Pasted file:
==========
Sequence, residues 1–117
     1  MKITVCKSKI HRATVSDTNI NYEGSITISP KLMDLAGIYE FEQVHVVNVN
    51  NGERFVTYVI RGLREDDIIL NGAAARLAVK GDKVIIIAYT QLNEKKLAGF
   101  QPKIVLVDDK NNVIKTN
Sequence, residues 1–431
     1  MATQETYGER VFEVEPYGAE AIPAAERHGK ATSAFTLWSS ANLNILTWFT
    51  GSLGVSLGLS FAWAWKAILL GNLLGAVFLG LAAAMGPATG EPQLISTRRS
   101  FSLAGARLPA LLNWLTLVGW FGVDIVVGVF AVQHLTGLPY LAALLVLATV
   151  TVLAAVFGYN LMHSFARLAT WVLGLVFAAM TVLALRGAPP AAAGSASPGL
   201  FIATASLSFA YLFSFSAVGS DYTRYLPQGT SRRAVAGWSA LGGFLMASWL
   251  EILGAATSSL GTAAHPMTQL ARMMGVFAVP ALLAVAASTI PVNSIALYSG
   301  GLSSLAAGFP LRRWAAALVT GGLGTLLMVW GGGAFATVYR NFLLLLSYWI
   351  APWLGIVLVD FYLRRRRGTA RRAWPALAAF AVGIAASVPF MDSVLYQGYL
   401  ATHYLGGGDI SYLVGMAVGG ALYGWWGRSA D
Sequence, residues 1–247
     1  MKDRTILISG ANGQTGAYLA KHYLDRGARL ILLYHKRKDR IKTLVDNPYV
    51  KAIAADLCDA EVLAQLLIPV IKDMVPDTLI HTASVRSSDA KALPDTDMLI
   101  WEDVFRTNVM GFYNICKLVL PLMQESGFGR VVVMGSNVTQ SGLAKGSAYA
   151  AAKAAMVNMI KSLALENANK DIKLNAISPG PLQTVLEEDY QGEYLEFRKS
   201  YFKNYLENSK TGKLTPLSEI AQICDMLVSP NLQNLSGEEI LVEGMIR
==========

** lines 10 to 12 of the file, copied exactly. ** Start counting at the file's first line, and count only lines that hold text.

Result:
   201  FIATASLSFA YLFSFSAVGS DYTRYLPQGT SRRAVAGWSA LGGFLMASWL
   251  EILGAATSSL GTAAHPMTQL ARMMGVFAVP ALLAVAASTI PVNSIALYSG
   301  GLSSLAAGFP LRRWAAALVT GGLGTLLMVW GGGAFATVYR NFLLLLSYWI